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'Bette' and 'The Fugitive' are using repetitive commercials to build an audience, while 'Friends,' 'Everybody Loves Raymond,' and Chris Rock all suffered from the Emmy's new voting system
Biting the Ballot
It’s safe to assume there are at least six people who aren’t too pleased with Emmy’s new voting system (which allowed TV academy members to screen tapes at home and vote by mail). The folks deciding the Best Comedy category, for example, nearly didn’t get one of the four episodes submitted by Friends. Chris Rock is probably peeved too, since his name was mistakenly left off the ballot for Best Variety Special. And let’s not forget how that truck carrying all those Everybody Loves Raymond videotapes got hijacked early on. ”This is what they get for no longer having monitors over voters,” says Emmy historian Tom O’Neil, a proponent of the old system, in which voters were sequestered at a hotel. ”It’s going to take a while to catch these things.” Although the glitches were frustrating and time-consuming (voters were sent new ballots with Rock’s name, while new Friends and Raymond episodes were soon dispatched), the experiment to overhaul the much-criticized system proved mostly successful: Four times as many voters participated this year (from roughly 600 to more than 2,600). But will the new process finally put an end to the monopoly of such perennial winners as Dennis Franz (nominated for Best Actor in a Drama) and John Lithgow (nominated for Best Actor in a Comedy)? The TV academy is optimistic. ”We’ll know on the night of [Sept.] 10th [by] how the room feels,” says chairman Meryl Marshall. ”I expect the buzz to be quite positive.” Hopefully, that’s code for: James Gandolfini, get your speech ready.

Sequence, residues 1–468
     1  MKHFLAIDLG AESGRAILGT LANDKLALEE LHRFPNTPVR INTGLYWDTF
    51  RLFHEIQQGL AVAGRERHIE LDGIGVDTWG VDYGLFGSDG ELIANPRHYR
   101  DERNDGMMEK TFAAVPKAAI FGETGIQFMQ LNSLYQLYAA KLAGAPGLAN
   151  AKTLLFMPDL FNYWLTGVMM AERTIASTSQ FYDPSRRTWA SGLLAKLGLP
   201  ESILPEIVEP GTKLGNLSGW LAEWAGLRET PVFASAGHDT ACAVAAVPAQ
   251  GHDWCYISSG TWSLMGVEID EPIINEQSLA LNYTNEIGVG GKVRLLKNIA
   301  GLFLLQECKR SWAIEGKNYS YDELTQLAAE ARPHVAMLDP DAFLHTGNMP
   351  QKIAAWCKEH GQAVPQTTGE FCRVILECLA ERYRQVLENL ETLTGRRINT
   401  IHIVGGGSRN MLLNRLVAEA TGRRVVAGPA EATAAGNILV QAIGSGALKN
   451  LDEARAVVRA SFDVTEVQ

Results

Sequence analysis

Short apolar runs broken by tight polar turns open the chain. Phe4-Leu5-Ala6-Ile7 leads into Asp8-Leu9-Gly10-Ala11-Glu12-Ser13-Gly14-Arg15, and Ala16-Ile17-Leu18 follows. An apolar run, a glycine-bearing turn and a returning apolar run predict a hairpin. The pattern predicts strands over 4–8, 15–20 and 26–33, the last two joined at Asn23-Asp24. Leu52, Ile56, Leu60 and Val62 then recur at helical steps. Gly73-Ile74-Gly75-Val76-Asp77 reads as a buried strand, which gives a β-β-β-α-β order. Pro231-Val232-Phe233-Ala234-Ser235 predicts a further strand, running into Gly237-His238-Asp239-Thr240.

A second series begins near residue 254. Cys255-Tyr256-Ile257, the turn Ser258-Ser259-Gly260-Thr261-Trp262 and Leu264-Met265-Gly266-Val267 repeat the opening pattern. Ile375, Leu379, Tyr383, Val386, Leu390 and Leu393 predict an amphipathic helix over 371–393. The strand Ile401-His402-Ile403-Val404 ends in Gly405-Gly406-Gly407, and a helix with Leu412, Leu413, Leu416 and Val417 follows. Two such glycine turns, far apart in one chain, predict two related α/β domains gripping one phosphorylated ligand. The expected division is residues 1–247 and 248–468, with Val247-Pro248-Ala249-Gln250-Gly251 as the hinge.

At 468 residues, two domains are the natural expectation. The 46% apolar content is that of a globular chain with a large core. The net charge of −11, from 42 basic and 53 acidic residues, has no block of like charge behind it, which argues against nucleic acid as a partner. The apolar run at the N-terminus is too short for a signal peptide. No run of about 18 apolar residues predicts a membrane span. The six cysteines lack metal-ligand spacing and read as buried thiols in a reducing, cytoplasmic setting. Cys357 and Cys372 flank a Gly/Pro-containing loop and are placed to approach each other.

While we can thank Survivor for a summer of good entertainment, we can also curse it for overloading us with fall TV promos. Is anyone not sick of seeing Bette Midler hoist her breasts or hearing The Fugitive‘s Tim Daly exclaim ”I didn’t kill my wife!”? Well, CBS isn’t. ”The general rule is that there’s no such thing as too much frequency,” says exec VP of research David Poltrack. ”Fans may think you’re overdoing it but they’ll still watch the show. The promos tend to be the most irritating to those who aren’t going to tune in. So there’s no downside.” Actually, there is one: ”When you only have 22 minutes of material from a pilot, you do risk letting viewers see every frame in the promo,” says NBC Agency president John Miller. But if a show has high viewer awareness (and that’s certainly the case with Bette and The Fugitive), then don’t expect a change anytime soon. NBC promises at least 14 to 15 promos per night during the Olympics, and not all are going to be fresh and exciting. ”We do get sick of our promos way before viewers do,” Miller admits. Wanna bet?
And so on …
Just Shoot Me has wooed Mr. Show‘s David Cross back to reprise his role as Elliott’s (Enrico Colantoni) dunderheaded brother, perhaps for November sweeps. Last year, Cross’ appearance as slow Donnie helped the NBC series garner an Emmy nomination for comedy writing.
— Additional reporting by Tricia Johnson